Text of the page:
In the face of increasing demand, 4M, now a publicly traded company, is revolutionizing commercial carbon fiber manufacturing with plasma.
4M Industrial Oxidation, a Knoxville company that is commercializing a new method of carbon fiber production, has announced a reverse merger with Woodland Holdings Corporation. The takeover allows the once-privately held company to take advantage of public trading status at a lesser cost.
“This reverse merger is a significant accomplishment for the 4M team,” said Rodney Grubb, 4M’s chairman and chief operating officer. “We believe the positioning of 4M as a publicly traded company will afford us the greatest opportunity to capitalize on the rapidly growing demand for low-cost carbon fiber around the world.”
4M’s parent company, RMX, worked with Oak Ridge National Laboratory to develop a new method for producing carbon fiber that uses plasma oxidation, and licensed the product last May. RMX created 4M — named for plasma, the fourth state of matter — to commercialize the product. 4M is no longer a subsidiary of RMX but will continue to pay royalties to the company and to UT-Battelle.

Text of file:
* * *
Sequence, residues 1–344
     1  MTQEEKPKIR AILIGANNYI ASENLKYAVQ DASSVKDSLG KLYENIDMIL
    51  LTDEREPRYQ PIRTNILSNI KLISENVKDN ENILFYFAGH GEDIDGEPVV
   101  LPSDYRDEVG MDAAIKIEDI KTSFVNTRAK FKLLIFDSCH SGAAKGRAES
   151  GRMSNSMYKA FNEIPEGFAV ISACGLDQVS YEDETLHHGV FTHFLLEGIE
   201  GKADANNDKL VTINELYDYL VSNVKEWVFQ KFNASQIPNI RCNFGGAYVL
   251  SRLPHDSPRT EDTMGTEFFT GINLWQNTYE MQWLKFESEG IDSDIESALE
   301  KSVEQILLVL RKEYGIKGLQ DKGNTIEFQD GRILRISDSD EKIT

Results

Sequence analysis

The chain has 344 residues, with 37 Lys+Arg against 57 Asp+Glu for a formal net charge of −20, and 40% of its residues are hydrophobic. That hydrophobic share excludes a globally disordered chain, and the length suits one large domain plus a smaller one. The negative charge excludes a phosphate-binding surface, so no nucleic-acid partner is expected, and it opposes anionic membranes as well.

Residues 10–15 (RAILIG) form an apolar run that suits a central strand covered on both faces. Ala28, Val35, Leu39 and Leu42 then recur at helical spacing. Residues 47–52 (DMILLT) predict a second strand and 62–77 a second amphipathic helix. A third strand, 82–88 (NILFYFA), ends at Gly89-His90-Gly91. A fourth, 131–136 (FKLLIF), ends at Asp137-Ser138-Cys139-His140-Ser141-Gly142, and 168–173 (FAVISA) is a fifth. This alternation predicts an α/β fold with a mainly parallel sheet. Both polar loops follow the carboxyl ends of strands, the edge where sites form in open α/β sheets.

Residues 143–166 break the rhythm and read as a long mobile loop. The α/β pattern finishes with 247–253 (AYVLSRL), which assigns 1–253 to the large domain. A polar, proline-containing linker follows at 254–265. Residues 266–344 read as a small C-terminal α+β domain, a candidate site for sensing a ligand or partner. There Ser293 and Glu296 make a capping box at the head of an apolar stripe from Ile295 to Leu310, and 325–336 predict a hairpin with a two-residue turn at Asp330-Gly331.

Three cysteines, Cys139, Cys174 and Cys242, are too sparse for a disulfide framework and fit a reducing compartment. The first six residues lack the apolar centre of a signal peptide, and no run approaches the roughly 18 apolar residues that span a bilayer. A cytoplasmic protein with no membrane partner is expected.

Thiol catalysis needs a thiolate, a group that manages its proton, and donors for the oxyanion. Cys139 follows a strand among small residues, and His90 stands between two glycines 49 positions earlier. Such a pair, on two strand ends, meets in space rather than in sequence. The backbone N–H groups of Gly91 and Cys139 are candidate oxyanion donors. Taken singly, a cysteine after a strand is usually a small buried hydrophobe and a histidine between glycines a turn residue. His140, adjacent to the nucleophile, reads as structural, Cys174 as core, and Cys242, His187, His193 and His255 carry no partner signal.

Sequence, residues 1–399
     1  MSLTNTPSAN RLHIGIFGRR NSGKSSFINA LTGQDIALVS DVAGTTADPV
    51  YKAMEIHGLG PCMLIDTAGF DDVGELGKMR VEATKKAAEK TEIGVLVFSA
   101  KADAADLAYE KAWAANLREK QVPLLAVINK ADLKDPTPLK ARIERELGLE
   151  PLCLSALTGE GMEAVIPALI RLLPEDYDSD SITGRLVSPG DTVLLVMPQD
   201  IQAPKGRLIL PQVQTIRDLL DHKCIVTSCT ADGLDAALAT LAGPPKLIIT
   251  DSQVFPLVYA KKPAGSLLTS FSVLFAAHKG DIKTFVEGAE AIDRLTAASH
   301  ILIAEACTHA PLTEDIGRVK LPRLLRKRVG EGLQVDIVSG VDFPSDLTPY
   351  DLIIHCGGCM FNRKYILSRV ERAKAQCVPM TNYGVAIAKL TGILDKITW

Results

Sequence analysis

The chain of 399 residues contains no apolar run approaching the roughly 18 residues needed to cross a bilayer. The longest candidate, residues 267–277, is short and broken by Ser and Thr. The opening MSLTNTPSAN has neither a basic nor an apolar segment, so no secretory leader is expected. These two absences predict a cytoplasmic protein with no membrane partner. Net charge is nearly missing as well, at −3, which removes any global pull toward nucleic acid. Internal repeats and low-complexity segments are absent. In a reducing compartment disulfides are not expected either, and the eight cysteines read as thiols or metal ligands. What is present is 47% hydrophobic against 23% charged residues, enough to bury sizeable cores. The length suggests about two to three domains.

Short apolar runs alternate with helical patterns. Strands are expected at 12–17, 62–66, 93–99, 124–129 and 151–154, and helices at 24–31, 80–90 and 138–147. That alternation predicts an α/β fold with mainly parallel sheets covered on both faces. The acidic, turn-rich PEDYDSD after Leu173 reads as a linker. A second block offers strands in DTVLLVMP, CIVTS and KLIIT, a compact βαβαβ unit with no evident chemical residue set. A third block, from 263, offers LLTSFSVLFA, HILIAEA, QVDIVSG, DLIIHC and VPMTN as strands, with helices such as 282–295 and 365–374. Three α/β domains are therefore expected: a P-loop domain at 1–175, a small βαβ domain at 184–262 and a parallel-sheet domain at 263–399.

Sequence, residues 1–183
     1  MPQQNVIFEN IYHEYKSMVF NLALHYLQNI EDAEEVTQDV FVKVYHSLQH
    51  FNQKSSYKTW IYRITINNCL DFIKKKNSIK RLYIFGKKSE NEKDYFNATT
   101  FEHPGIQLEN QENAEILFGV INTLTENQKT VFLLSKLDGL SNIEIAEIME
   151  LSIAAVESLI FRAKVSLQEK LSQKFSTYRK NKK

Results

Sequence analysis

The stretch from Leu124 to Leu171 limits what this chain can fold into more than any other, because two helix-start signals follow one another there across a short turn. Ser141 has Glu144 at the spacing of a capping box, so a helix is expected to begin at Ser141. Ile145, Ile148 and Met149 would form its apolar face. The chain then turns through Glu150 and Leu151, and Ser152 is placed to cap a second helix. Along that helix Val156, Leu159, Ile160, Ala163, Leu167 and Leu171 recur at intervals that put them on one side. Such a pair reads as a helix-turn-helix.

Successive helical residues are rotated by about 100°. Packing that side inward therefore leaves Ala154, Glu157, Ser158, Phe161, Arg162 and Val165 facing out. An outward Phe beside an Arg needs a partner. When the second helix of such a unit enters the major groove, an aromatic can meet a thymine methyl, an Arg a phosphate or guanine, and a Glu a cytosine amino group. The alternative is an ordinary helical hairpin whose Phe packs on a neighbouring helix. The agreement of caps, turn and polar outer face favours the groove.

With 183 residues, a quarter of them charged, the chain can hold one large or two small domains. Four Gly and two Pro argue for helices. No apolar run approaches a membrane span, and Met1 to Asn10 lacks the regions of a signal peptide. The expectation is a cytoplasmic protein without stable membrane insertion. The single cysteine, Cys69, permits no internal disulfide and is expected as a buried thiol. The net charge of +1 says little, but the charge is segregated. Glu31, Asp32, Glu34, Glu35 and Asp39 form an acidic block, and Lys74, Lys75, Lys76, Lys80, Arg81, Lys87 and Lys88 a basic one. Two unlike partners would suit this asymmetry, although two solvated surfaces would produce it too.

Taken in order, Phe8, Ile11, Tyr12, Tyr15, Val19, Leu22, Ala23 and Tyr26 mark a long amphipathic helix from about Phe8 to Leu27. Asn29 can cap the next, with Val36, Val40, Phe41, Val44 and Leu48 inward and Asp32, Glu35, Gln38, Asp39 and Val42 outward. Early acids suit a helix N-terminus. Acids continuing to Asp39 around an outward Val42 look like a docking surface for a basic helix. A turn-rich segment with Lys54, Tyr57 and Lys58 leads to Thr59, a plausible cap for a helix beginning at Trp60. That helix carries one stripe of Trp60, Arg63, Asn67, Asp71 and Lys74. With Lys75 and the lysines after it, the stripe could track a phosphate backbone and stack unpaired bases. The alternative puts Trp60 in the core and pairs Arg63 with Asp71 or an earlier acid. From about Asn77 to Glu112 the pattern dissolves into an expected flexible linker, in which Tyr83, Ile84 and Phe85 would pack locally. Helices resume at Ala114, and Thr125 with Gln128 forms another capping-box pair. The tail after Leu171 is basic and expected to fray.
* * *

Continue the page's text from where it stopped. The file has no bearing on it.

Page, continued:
Innovation to meet expectation
Demand for composite materials, including those made with carbon fiber, is expected to double in the next three years, according to the Department of Energy’s Institute for Advanced Composites Manufacturing Innovation.
“The big user today is aerospace. The fuselage of the 787 Boeing aircraft is made of carbon fiber composite, same for the newest of the jets coming from Airbus,” said Alan Liby, ORNL’s advanced manufacturing program director. “The use in automotive products is beginning to come on strong. There’s quite a bit of use in wind turbine blade manufacturing, a number of industrial purposes, and then there’s sports equipment, golf club shafts, fishing rods.
“In essence, anything that you want to be light weight and you want to be able to move around easily can benefit from carbon fiber and carbon fiber composites,” he said.
Typically, carbon fiber production takes place in three phases. First, bundles of hundreds of thousands of acrylic fibers are oxidized in an oven, then the fibers are carbonized in a super-heated oven sealed off from oxygen to prevent them from catching fire. After that, the surface of the fibers are treated so that they can be bonded to a polymer material and hardened to make light, stiff usable materials.